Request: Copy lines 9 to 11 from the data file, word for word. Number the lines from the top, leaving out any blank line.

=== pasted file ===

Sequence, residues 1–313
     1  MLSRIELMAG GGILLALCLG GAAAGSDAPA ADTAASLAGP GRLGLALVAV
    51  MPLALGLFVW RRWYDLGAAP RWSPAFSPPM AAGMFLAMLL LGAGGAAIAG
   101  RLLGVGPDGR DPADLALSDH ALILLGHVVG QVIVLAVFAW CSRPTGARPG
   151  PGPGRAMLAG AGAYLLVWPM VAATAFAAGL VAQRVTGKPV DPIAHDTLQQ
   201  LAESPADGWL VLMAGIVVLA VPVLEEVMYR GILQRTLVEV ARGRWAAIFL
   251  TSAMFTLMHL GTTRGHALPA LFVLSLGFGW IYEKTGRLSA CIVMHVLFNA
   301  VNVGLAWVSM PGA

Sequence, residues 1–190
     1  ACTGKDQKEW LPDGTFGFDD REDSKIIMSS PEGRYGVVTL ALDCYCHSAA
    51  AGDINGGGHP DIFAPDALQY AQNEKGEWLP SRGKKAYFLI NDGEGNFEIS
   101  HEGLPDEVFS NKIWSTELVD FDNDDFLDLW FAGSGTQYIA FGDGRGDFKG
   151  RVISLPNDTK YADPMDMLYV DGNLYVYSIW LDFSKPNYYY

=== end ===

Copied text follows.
Sequence, residues 1–190
     1  ACTGKDQKEW LPDGTFGFDD REDSKIIMSS PEGRYGVVTL ALDCYCHSAA
    51  AGDINGGGHP DIFAPDALQY AQNEKGEWLP SRGKKAYFLI NDGEGNFEIS